My Character Tracker for Skyrim app has been updated to v1.2. This is a very important update to me as it adds tracking for mods and DLC, a feature I’ve been hoping to implement from the start. It’s now not only a character tracker, but a mod tracker too!
While the original app was build using mostly UIKit, this update was developed with SwiftUI, so it requires iOS 13.
Mods in Character Tracker are essentially packages for new modules (armors, followers, houses, quests, etc.) and their required ingredients. The official DLC (Dawnguard, Dragonborn, and Hearthfire) come with the update as mods.
The main way of importing a mod into Character Tracker is by scanning unique QR codes. These QR codes contains JSON data with all of the mod’s information.
If you find a QR code for a mod you want to track, simply tap the QR code scanner button at the top of the Mods tab and scan the code. Note that these QR codes can get very large and may have image background which can make them difficult to scan. Make sure you have them open on a large screen so they can be scanned properly.
Creating QR Codes
QR codes for Character Tracker can be generated from data manually entered into the app or from data automatically generated from mod files.
To create a QR code from a mod or module you’ve inputted into the app manually, simply the Export button at the bottom of its page. From there you’ll get a QR code with the Character Tracker logo in the background that you can share.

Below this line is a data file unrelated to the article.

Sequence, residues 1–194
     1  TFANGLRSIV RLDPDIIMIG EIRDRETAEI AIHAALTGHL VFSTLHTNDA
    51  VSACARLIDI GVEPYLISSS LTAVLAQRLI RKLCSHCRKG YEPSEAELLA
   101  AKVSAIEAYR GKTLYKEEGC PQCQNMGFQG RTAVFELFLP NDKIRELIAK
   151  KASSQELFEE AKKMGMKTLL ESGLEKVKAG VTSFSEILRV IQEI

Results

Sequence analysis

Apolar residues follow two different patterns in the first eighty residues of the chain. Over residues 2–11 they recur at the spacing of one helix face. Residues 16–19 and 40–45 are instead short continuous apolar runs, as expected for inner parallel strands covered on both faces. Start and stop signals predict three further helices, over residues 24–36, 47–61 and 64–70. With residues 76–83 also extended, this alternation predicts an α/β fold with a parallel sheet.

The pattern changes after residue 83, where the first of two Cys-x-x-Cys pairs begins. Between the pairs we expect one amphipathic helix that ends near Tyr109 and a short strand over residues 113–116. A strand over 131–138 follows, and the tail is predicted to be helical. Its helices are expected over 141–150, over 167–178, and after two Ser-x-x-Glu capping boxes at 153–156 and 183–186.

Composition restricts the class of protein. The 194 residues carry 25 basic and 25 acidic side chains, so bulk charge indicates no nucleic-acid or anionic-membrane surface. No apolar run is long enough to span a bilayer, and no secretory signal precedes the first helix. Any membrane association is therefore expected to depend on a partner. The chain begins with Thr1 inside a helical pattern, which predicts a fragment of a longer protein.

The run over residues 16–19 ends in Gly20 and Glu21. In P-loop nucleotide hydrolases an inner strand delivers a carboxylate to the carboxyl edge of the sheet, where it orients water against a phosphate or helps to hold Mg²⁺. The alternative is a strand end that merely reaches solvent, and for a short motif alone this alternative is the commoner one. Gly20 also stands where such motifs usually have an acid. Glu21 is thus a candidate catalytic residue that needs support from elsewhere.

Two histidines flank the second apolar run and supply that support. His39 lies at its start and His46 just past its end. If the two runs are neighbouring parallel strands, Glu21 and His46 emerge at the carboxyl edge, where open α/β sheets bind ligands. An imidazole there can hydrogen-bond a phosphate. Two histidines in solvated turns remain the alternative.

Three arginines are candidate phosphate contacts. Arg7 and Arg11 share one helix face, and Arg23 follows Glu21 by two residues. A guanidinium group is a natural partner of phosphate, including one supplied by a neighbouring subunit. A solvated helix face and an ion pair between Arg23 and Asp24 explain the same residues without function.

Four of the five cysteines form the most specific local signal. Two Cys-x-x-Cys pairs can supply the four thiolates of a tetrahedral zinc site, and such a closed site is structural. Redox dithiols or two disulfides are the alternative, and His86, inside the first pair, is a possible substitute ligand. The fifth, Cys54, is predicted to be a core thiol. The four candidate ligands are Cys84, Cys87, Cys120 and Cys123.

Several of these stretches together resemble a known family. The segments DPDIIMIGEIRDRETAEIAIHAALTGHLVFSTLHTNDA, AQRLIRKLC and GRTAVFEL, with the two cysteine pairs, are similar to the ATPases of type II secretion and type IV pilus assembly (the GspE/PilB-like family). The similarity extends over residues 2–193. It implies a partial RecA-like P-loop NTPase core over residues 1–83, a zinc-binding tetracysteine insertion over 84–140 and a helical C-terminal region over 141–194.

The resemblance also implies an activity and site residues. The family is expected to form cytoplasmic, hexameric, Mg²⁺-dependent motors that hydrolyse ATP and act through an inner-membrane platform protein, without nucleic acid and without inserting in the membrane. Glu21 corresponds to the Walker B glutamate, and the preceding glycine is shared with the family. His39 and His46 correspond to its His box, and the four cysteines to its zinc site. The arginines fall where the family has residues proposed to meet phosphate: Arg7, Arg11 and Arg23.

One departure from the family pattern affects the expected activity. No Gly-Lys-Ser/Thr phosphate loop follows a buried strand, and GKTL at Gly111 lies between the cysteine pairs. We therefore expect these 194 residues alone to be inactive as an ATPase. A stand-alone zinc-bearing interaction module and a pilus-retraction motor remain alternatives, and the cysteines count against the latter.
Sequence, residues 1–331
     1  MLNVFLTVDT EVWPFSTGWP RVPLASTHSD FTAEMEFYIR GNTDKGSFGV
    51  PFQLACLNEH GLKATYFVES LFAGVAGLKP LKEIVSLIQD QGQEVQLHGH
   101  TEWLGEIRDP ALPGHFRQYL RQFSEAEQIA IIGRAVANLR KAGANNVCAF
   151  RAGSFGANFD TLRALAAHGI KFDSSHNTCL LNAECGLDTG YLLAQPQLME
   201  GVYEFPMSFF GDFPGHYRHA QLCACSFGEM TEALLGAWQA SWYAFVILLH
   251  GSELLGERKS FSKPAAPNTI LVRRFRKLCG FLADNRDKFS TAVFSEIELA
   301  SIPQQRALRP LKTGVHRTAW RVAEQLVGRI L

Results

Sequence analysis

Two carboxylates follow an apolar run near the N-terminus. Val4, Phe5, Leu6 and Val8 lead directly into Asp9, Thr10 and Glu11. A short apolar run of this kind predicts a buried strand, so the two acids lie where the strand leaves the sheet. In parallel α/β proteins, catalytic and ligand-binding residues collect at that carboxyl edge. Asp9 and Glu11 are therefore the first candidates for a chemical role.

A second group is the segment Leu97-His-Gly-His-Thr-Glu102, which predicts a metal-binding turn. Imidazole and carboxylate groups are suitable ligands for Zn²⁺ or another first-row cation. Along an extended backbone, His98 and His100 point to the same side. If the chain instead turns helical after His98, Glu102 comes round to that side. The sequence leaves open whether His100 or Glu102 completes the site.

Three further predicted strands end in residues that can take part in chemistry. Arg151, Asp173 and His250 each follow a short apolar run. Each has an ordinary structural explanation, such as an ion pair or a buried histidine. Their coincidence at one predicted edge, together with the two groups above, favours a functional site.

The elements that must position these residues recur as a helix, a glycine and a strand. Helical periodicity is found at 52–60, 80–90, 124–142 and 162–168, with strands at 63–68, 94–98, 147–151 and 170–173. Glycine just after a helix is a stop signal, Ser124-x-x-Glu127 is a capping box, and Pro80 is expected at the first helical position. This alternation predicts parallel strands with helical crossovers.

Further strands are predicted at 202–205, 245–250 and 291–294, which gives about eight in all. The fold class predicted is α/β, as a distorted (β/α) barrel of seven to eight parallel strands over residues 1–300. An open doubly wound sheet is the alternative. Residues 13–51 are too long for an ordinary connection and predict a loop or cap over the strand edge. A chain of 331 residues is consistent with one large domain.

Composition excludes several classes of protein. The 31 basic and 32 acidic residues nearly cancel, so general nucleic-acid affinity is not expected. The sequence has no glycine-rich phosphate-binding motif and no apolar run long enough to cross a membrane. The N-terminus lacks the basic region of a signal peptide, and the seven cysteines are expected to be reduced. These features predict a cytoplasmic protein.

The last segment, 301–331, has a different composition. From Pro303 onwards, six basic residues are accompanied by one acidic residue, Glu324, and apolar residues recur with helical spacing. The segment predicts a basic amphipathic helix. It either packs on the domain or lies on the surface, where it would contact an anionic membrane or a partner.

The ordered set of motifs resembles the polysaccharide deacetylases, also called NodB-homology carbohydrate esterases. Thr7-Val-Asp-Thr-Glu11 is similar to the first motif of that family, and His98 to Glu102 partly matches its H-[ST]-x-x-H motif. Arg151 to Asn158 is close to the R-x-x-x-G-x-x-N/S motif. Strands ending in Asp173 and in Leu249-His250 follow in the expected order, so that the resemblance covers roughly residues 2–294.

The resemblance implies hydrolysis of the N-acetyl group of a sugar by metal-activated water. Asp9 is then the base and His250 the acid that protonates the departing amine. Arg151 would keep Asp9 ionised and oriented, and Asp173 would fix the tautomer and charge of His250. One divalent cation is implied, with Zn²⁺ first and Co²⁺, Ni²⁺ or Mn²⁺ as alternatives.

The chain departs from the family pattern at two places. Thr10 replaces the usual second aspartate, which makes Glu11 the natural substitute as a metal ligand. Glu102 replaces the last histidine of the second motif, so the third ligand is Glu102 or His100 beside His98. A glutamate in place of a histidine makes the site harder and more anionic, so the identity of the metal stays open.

The second way is by using xEdit Armor Export on PC to automatically generate QR codes for armor mods directly from the mod’s files. Instructions are in the readme on the GitHub page. This script works by reading the armor stats and crafting ingredients and generating JSON from that data. This also includes a GUI written in Python for adding images to the mod and module which can be automatically fetched from the Nexusmods page for the mod.
Generating QR codes has some limitations. As mentioned, these QR codes get very large. QR codes typically just store short URLs, but these QR codes store the entirety of the mod’s information directly in them. This is because they don’t depend on any server connection. That way users can create their own codes without requiring any web hosting. Because there is a limit on how much data can fit in a QR code, mods with too much data (especially those with lots of images which are encoded by their full URL) won’t be able to be created into a single QR code. I have plans to implement multi-QR code generation for large mods, but currently mods that are too large can’t be made into single QR codes.